Get local stories you won't find anywhere else right to your inbox.
Sign up here

Just Posted

James Hutchison was sentenced in court for a robbery from April 2019. Photo by Mike Chouinard
Accused sentenced for early morning robbery in Courtenay

Hutchison gets credit for 218 days in custody but given 120 more days in jail

Tidal Café owners Blythe and Kurt Reimer (left) and Toscano’s head chef and general manager Tristan Taylor have been sharing deck space to help both businesses during the expanded COVID public health order restrictions that ban indoor dining. Photo by Terry Farrell
Neighbouring Comox restaurants share patios for mutual benefit during COVID restrictions

Two restaurants in Comox are working together to help ease the burden… Continue reading

Aria Pendak Jefferson cuddles ChiChi, the family cat that ran away two years ago in Ucluelet. The feline was missing until Courtney Johnson and Barry Edge discovered her in the parking lot of the Canadian Princess earlier this month. Aria and her parents were reunited with ChiChi in a parking lot in Port Alberni. (SUSAN QUINN/ Alberni Valley News)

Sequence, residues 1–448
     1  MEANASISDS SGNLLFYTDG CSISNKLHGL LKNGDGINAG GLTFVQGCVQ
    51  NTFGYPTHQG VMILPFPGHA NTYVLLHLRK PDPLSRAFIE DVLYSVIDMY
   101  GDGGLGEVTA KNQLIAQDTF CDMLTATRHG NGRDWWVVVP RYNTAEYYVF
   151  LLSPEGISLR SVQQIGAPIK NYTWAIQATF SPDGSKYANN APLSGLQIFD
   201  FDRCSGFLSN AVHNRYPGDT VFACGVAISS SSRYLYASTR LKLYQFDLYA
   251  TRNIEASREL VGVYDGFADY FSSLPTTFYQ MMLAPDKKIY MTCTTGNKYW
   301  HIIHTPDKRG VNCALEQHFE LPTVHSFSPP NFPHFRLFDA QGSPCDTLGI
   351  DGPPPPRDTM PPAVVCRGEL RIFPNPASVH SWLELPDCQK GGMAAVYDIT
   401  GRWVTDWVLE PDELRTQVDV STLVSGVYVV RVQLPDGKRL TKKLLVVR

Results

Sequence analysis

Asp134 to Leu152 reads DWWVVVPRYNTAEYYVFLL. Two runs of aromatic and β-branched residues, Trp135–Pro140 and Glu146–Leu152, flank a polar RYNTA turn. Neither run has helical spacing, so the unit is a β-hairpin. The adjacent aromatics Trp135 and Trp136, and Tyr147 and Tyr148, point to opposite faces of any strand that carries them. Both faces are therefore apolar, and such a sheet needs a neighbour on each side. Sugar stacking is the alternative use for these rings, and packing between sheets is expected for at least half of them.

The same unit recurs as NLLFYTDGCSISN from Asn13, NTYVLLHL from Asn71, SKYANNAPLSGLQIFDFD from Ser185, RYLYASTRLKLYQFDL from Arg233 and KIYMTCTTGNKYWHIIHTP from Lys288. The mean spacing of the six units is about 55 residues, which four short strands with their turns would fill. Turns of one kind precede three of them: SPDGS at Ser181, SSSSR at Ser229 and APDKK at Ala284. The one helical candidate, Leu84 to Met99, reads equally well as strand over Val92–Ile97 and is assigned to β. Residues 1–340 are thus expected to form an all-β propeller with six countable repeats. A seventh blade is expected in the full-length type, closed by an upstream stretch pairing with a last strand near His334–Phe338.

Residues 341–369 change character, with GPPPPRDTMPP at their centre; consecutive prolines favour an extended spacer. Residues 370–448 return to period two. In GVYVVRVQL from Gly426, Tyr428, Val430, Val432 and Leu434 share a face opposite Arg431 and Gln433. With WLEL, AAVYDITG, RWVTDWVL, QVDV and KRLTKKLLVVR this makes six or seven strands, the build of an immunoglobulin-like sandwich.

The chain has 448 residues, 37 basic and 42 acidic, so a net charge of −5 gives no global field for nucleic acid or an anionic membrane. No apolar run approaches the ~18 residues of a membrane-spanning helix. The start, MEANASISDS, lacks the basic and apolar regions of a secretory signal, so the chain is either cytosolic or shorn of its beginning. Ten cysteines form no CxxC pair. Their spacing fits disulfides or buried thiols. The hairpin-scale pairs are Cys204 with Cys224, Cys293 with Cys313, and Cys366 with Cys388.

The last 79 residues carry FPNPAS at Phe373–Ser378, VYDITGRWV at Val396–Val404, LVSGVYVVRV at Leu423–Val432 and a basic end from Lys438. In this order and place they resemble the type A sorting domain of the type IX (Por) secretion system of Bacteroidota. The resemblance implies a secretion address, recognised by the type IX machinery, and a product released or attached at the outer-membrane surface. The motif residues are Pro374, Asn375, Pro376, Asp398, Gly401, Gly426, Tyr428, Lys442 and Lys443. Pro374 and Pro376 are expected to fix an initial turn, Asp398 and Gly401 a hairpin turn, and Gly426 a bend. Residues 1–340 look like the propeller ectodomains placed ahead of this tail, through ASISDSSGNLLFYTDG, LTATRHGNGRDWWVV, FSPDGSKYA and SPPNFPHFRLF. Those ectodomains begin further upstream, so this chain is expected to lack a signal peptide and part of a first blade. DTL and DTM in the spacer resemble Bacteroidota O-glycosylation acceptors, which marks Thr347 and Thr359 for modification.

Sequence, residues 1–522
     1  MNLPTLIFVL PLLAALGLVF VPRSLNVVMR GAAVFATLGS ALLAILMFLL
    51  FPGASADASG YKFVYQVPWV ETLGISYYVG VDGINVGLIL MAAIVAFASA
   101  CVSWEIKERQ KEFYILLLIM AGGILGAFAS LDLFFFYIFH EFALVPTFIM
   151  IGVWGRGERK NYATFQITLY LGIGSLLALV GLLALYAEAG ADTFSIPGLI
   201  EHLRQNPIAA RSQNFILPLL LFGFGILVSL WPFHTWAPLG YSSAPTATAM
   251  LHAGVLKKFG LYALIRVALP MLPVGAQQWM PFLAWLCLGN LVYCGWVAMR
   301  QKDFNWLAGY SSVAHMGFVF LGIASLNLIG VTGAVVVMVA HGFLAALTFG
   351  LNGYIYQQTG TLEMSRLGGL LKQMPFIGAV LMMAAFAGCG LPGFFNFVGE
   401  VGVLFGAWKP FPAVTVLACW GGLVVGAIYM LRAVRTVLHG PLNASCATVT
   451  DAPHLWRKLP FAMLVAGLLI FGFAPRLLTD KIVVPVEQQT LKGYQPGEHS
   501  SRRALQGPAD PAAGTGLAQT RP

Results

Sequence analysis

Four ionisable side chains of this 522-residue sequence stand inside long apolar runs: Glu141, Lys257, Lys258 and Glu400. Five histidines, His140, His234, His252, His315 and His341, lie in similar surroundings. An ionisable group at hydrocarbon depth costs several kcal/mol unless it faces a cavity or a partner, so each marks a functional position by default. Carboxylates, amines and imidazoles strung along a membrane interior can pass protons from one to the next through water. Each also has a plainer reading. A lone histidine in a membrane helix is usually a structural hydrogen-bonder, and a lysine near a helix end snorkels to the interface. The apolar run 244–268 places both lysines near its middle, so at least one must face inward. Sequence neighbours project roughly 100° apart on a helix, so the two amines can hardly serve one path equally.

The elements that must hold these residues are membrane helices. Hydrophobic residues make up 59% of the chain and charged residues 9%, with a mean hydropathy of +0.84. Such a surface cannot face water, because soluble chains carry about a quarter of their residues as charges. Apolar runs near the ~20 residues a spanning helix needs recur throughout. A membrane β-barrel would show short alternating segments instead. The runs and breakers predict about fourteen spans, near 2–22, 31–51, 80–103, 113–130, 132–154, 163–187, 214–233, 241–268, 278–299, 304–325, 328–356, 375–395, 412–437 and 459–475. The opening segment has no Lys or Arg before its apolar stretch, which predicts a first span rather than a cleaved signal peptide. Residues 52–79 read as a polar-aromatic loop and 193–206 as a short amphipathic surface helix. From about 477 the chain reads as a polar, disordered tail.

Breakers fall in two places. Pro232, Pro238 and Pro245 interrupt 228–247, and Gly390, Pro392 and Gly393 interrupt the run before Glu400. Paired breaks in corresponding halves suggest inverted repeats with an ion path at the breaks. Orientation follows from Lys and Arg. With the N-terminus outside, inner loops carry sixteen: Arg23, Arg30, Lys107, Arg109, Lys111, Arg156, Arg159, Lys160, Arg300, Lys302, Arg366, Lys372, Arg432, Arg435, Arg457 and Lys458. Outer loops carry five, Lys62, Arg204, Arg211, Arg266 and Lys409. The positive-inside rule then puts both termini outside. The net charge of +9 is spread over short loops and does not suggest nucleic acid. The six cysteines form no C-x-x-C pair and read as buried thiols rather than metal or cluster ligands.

A little girl’s wish is answered as her cat came back

Courtenay family reunited with cat that went missing in Ucluelet in 2019

John Ludlow is making leis for sale for $20 each, with all proceeds to be donated to the Comox Valley Transition Society. Photo by Erin Haluschak
Celebrating kindness, joy and helping others on Lei Day

Ludlow is making leis for sale with proceeds to be donated to the Comox Valley Transition Society

Cumberland is finalizing its tax rate bylaw for the year, which will see a 4.93 per cent increase. Photo by Mike Chouinard
Cumberland moving ahead on 4.93 tax hike

Residential rates’ hike was less than projected during planning stages

A large crowd protested against COVID-19 measures at Sunset Beach in Vancouver on Tuesday, April 20, 2021. (Snapchat)
VIDEO: Large, police-patrolled crowds gather at Vancouver beach for COVID protests

Vancouver police said they patrolled the area and monitored all gatherings

Cannabis bought in British Columbia (Ashley Wadhwani/Black Press Media)
Is it time to start thinking about greener ways to package cannabis?

Packaging suppliers are still figuring eco-friendly and affordable packaging options that fit the mandates of Cannabis Regulations

The following is a list of restaurants offering take-out and patio dining. ADOBE STOCK IMAGE